I have my own strategy which I have developed over the years. I execute a approach to economic analysis which seeks to profit from positive and negative economic cycles. I call this strategy the “Aimed Investment Cycle” and I seek to buy the right asset class and market (either stocks, bonds, commodities) based on global economic growth and inflation indicators. I built this strategy which is a reflection of my own personality and what I have learnt as a trader and investor over the years. It is obviously really important to have a strategy that you know, trust, believe in, which has good risk management which can protect your losses and ensure large profits when your strategy works.
11. How much time does it take to become a profitable trader?
Like anything, you can get as much out of it as you want to put in. Someone who is successful over a career puts in a huge amount of hours and work to understand and prepare and execute their trades to be profitable as often as possible. There is no sure fire way to being profitable, you could work all year as a trader and still lose money, or you could trade for one day and make a huge profit. It is a truly tricky game and the ups and downs can be extraordinary!
12. What is your favourite market to trade?
My favourite market to trade are futures markets, they are open almost 24 hours a day, and they can move very fast and based on a huge amount of factors. Futures markets can be in stocks, bonds, commodities, currencies. The worlds most popular futures contract is the US equity S&P 500 market. It is essentially a 24 hour 5 days a week trading price of the value of the US stock market.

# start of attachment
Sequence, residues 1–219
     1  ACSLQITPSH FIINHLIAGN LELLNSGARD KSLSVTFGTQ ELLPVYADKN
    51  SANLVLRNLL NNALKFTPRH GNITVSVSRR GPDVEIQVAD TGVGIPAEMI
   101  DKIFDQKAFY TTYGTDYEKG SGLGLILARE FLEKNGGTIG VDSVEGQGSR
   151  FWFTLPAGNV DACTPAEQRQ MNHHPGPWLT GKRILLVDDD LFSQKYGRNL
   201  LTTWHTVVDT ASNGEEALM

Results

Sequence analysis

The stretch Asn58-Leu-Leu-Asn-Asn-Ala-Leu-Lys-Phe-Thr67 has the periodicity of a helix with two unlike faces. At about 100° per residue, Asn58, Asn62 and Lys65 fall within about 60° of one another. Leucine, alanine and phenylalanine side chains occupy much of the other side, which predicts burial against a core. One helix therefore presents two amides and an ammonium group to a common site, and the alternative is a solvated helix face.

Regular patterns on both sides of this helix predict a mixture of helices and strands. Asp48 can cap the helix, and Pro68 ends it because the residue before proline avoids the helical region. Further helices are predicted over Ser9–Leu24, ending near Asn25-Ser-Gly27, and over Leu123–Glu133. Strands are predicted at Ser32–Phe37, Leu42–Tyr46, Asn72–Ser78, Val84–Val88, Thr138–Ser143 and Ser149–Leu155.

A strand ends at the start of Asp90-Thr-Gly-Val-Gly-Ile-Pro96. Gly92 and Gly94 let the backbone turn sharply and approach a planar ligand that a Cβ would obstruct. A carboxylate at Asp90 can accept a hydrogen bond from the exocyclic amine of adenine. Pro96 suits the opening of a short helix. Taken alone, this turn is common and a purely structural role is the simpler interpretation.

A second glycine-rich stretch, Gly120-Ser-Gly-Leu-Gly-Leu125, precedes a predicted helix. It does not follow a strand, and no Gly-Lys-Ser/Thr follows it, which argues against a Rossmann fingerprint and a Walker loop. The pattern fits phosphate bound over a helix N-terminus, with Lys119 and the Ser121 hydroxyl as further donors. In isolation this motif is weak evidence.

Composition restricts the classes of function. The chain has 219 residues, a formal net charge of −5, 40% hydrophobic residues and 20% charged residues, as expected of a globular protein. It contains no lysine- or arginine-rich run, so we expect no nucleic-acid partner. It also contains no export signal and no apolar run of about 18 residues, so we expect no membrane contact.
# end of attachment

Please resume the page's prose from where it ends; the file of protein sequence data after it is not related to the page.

13. Have you ever considered quitting trading for a standard job?
Once or twice! Sometimes after a losing trade or two you start to get concerned about where the next profit will come from! It is unsettling at times. That is why it is so important to have a repeatable trading strategy you believe in with good risk management, so that you can protect yourself when things are not going your way, and do really well when things go to plan with profitable trades.
14. How do your family and friends react towards your job?
Trading is always pretty mysterious. Because a trader can buy or sell whatever they like, and do not have to tell anyone else what they are doing.
Media perceptions of traders always seems to focus on the extremes, the big wins, or the huge losses. So quite often friends or family can think of trading as gambling. Sometimes to friends, I explain that its not too dissimilar to any business, say a shoe shop owner, they see a new style of shoes that they like, so they buy lots of them, expecting their customers to like them and buy them all. Sometimes this works out for the shoe salesmen, who ends up selling all the shoes, and other times the poor shoe salesman is left with the shoes in his shop, can’t sell them for love nor money, and makes a loss!
About: Daniel Weston the Australian, who has journeyed his way through investment markets and sizeable funds, is breaking down the industry for young budding individuals looking to tackle the finance world head on. With over a decade of experience in financial markets Daniel introduces a young dynamic mix into a very serious industry!
Connect with Daniel on Twitter or visit danielweston.com for more information.